Paradoxically, it is in an African context of social decay and dehumanization that these religious beliefs flourish. At the end, there is a reason to wonder if it is not a religious who prospers at the expense of humans. Because these religious beliefs that swarm are far from being an ally in improving the quality of life and living together on the African continent. In the Christian tradition, the glory of God is man fully alive, according to Saint Irenaeus of Lyons. Therefore, religious practices which do not promote life are nothing but unbelief. It is a “sacred that hides God”. Because starvation, social injustice, marginalization are incompatible with God’s plan for human being and the world. This is what we are witnessing today, in a country like Sierra Leone where there are more mosques and churches than schools, hospitals, factories…
According to Messi Metogo, this is not a question of indiscriminately discrediting religious beliefs; as is the case with a certain African anti-religious discourse which often falls into narrow scientism or a gross caricature of religion. It is rather an invitation to a critical approach to dialogue between believers. The ecumenical and interreligious dialogue so cherished today should not only be seen as an antidote to terrorism and the war of religions. It is accurate that it also helps African followers of religions to distinguish between religions that “make asleep and those that wake up”, quoting the Cameroonian Jesuit Ludovic Lado.
3. “Common Ground” as a possible project
In its current form, the dialogue undertaken by the Catholic Churches of Africa is directed only towards Christians of other denominations, Muslims and to a lesser extent the followers of African traditional religions. The unbelievers, the people without religious affiliations and the indifferent are thus forgotten, if not ignored. The reason behind this oversight is the non-recognition by Catholics of the existence of this category of unbelievers. Because all Africans are a priori labeled religious. It is true that updated statistics which indicate how many are the African unbelievers are lacking. But who would dare to deny the existence of unbelievers, people without religious affiliation, indifferent people, and relativists…in our societies? They are found in all strata of society, ranging from political and economic decision makers, academics…to modest people disillusioned by religions of noise, swindling and indifference to people’s misery.
As long as this category of people exists in our societies, in the logic of “the Church on a missionary exit” (Evangelii Gaudium, n ° 20-24), it would be beneficial to initiate a dialogue with them. Especially when we know that many of them end up or will end up in high places of decision in our societies. In this perspective, the experience of the Xaverian missionaries from the United States and the United Kingdom can inspire a new missionary insight. Indeed, since 2012, they have initiated a project called “Common Ground”, “Common base”. Its aim is to forge links between secular and religious voices, particularly in the Northern Hemisphere (Europe and the USA), a kind of new form of the Missio Ad Gentes. At first glance, this initiative may seem bizarre to some religious believers. Because many are convinced that atheists, humanists, agnostics, skeptics and people without any affiliation are against religion or anticlerical. Indeed, thanks to the dialogue, one can see that this twisted conviction is not true, says Father Carl Chudy, one of the initiators of the project. A dialogue is therefore possible between men and women of religions and those who find no meaning in the religious fact as evidenced by the experience of the Xaverians working in a secularized missionary context.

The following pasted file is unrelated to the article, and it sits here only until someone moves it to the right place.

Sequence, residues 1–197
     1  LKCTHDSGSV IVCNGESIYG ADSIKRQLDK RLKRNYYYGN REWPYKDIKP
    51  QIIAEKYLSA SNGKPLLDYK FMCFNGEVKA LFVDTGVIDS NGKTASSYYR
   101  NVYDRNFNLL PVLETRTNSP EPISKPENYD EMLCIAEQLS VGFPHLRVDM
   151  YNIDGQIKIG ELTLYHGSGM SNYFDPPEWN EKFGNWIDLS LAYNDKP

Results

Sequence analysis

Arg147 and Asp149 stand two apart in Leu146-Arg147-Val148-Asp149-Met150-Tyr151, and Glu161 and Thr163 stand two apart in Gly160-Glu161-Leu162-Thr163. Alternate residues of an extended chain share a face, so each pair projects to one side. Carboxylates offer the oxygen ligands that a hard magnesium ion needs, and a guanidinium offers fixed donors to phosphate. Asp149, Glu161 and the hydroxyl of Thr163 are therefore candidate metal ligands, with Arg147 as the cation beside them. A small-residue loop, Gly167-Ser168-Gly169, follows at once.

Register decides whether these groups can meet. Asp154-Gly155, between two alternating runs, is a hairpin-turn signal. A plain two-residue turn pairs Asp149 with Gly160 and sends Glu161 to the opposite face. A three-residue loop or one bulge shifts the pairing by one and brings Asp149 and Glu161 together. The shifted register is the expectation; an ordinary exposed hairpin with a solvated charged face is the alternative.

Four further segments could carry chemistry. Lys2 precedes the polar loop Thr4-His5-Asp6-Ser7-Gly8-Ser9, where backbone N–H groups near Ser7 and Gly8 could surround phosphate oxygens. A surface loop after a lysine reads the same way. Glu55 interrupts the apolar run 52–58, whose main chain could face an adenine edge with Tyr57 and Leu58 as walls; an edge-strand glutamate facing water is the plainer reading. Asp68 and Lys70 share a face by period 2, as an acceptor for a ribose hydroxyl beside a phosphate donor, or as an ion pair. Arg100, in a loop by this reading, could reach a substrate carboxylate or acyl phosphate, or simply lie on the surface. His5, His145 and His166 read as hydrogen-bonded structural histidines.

A “Common Ground” type project can also be envisaged in Africa, even if the modalities of its concrete implementation remain to be defined. University chaplains, where they exist could serve as a framework for such an initiative, given that universities and colleges or professional colleges offer themselves as the fertile ground for unbelief in Africa. One could imagine meetings between young believers and non-believers around a theme of public utility such as the education of new generations. Failure to do so would leave the young generations who are trained there at the mercy of powerful esoteric groups such as Freemasonry and the Rose Cross which continue to ‘fish’ abundantly in the troubled waters of our spiritually disoriented societies.Contrary to the objectives of ecumenical or interreligious dialogue whose sometimes unspoken objectives are to rally the interlocutors to the truth of their faith, the “Common Ground” project, bringing together believers and non-believers, aims to bring about “a little more humanity” in African societies where it is eroding more and more. By doing so, we would perpetuate the legacy of Brother Messi Metogo who never ceased to invite Catholics in Africa to think of mission not as an effort to convert the other and to “add” to the Catholic Church the maximum of new baptized. But as a witness to the Gospel with respect for those who belong to other religions or who are without religion. Because respect for people and their dignity, he said, are part of the requirements of a true evangelical love.